UCF Global Perspectives


NGO Helps Survivors Design Anti-Trafficking Software

Erin Reedy, Francis Bok Human Trafficking Awareness Fellow

February 21, 2019

A software company based in California is drawing on survivor’s personal experiences to create anti-human-trafficking technology (Reuters). The non-governmental organization AnnieCannons is helping trafficking victims get back on their feet by teaching them to code (HuffPost). When modern slaves are freed, they are often left with little to no money, education, and/or formal job training (Reuters). According to the NGO, survivors learn coding skills that can generate economic opportunities, a key part in ending the cycle of exploitation. The organization’s coding bootcamp offers free childcare during classes, immediate employment following a successful qualification exam, and assistance with job applications and interviews (HuffPost)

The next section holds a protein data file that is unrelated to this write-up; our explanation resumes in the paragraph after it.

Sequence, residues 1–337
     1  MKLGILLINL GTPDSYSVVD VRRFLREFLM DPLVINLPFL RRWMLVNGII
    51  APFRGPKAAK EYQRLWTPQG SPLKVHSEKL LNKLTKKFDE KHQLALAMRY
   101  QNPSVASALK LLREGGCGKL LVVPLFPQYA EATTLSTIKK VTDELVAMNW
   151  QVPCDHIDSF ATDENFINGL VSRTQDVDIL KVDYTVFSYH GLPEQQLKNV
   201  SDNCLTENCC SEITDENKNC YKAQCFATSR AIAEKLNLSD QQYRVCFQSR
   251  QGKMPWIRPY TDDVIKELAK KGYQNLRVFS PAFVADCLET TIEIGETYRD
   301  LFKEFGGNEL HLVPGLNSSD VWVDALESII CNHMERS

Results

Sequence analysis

AnnieCannons encourages its students to create software to fix the big problems of the world, including addressing modern slavery with their unique, survivor-centric approach (AnnieCannons). One graduate has created an app to simplify the restraining order process, often a vital part of protecting a victim from their abuser (Reuters). AnnieCannons’ work is among other tech and human-trafficking awareness groups participating in the effort to reach the United Nations goal of eliminating modern slavery by 2030 (Reuters). Jessica Hubley, AnnieCannons’ cofounder, cited a line from Greek poet Dinos Christianopoulos as an accurate representation of the organization’s principles: “They thought they buried us. They didn’t realize we were seeds” (HuffPost).





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